Dear <<First Name>>,

I am going to skip the transparency and ethics email to update you on Georgia’s Plant Vogtle, because there is urgent news. There’s been another delay, and the next public hearing is this Tuesday Jan. 17th at 9:30 at the PSC commission hearing room, 244 Washington Street, Atlanta.

Plant Vogtle is the only nuclear power plant under construction in the U.S., and the first of two nuclear reactors, Unit 3, is nearing completion. Georgia Power had estimated Unit 3 will be operational by end of March but it just got pushed to April due to a “vibrating pipe”. This delay will cost ratepayers - us - about $30 million dollars.

All images are hyperlinked to the story behind them.

This latest delay is especially concerning because the vibrating pipe needing repair comes so close to when the unit is going in-service. If something containing the world’s most deadly product - radioactive fuel - is only 2 months away from starting to move that fuel around to create electricity and then stored as waste, shouldn’t the problems and delays be over? What in the world?!?!

When I first launched my campaign I was told not to mention Plant Vogtle because most people had never heard of it. I found that advice wrong: if I didn’t mention it people asked, and most people had both heard of it and were very concerned about its impact on their electric bills, as well they should be. It’s going to be a whopper on our bills while heaping profits on shareholders.

Georgia Power has never been accurate with this project on anything - not timing, not cost. What’s that saying, “Fool me once shame on you. Fool me 16 times…” Oh wait. That’s not the saying.

In fact, Georgia Power is so abysmal at both managing the project and estimating the timeline that Don Grace, the independent project monitor hired by the Georgia Public Interest Advocacy staff, routinely includes in his report not to take Southern Nuclear’s (SNC) estimates seriously.

From page 22 of VCM-24 linked below this quote:

Plant Vogtle is so expensive it is the most expensive power plant ever built on earth, surpassing $34 billion. If you can find anything more expensive let me know.

In fact it may be the most expensive project ever built on earth. The only items I could find more expensive were the International Space Station at $60 billion and the Federal Interstate Highway System at $114 billion. Note that those were federal projects, unlike Plant Vogtle which is paid for only by Georgians.

Why is the not-rich state of Georgia spending federal levels of money on one power plant? It’s INSANE.

I’ll tell you why: it’s because the Georgia Public Service Commission is in regulatory capture which I wrote about last time. They give Georgia Power what they want. And building things is what they want. That’s how utilities make money, by building things.

Georgia Power has made gonzo profits by building Plant Vogtle, even though the electricity was not needed in 2009 when it was approved and is not needed now.

Over-forecasting is rewarded with shareholder profit. Once a utility justifies an investment in a new power plant the utility can recover costs and earn a preapproved return on that investment, even if the plant is rarely needed or used. That’s exactly what happened with Plant Vogtle. Their wildly exaggerated future energy sales numbers don’t even touch their actual sales numbers (blue line doesn’t touch the orange line) - they were that far off.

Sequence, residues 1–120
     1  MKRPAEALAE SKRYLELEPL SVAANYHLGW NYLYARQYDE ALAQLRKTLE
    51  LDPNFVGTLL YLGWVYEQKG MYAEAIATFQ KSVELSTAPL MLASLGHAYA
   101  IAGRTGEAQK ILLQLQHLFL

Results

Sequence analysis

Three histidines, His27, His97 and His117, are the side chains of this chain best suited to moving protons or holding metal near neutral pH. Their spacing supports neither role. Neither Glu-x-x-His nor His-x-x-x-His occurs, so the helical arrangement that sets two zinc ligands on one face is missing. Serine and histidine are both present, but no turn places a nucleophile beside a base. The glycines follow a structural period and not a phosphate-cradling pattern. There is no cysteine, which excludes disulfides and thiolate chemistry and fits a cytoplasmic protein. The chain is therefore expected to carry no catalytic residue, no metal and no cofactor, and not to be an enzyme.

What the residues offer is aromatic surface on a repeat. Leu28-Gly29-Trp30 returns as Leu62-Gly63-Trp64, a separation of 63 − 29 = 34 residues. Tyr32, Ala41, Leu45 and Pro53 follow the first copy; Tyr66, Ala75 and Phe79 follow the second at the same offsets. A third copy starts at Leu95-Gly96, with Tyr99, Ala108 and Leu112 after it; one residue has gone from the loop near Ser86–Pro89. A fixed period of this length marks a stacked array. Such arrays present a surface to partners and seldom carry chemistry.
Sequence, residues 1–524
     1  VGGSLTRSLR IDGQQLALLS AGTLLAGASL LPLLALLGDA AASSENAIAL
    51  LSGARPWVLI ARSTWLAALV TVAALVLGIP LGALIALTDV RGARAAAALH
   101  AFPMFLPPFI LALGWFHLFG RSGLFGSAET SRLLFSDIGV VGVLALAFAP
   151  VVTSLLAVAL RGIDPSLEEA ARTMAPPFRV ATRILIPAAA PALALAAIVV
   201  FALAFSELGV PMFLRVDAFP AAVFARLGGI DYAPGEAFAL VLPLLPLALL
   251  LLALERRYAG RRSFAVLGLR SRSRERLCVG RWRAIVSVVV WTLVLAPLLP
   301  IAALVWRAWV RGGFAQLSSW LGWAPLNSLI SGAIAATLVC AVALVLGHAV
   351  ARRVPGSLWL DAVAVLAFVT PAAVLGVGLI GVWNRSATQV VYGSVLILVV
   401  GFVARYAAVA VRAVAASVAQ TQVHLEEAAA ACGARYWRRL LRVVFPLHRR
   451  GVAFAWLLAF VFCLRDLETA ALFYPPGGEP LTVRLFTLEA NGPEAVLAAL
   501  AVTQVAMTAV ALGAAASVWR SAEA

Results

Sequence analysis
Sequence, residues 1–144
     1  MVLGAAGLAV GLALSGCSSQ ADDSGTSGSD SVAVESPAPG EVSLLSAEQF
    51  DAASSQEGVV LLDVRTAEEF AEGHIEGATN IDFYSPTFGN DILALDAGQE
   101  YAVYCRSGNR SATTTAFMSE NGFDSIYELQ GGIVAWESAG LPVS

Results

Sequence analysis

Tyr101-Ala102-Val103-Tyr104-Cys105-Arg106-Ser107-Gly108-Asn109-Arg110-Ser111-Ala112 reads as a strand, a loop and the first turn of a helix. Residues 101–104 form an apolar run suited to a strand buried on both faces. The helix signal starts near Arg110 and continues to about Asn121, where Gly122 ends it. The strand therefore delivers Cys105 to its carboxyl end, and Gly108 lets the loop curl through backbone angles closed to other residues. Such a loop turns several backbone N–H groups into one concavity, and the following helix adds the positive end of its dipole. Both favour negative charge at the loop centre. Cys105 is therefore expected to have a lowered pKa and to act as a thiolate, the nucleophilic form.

The Georgia Public Service Commission doesn’t hold Georgia Power accountable for their wildly inaccurate forecasts. Imagine if a company in a competitive marketplace was wrong so often? But, nope, the Ga PSC just keeps right on approving whatever Ga Power wants, ignoring their own staff (see last image) as well as outside utility experts hired to advise them. And it pays off handsomely for Georgia Power and harms ratepayers - again, us.

Does this make you mad? It does me too. And that’s why I’m running to unseat one of the commissioners and start what I hope is a trend to turn every one of them out of office.

Anyway, every six months Georgia Power must file a progress report to the commission. Outside parties known as intervenors also file reports in hopes of influencing and informing the commission (hope never dies).

Given that taxpayers pay for the work of the Georgia Public Service Commission you may want to get involved. Hearings are open to the public. If you would like to come downtown and speak in person the next hearing will be held this Tuesday January 17th. Public comment period is from 9:30 AM to 10:30 AM. You have 3 minutes.

If you would like to watch on Zoom click here:

If you would like to read Georgia Power’s filing click on the image below. You’ll be paying. You may as well know what’s going on.

Want to have your mind blown? Read Mr. Don Grace’s report, the independent monitor hired to review this project, or just skim it. That’s where it gets real. He does not hold back.

There is so much more to say about what Georgia Power knew about their future energy needs, and the dastardly behavior of a company in full Robber Baron mode; and their Commissioner enablers like Commissioner Echols. That’s coming soon.

The $5/month bill increase that Georgia Power was “estimating” has now surpassed $20/month.

I’ll leave you with this. The Georgia PSC routinely ignores their own staff’s analysis in favor of Georgia Power. They’ve never done otherwise.

It’s quite disgusting. Read that Energy & Policy Institute article. It’s unbelievable.

Mind blown. We gotta get rid of these guys, especially Echols.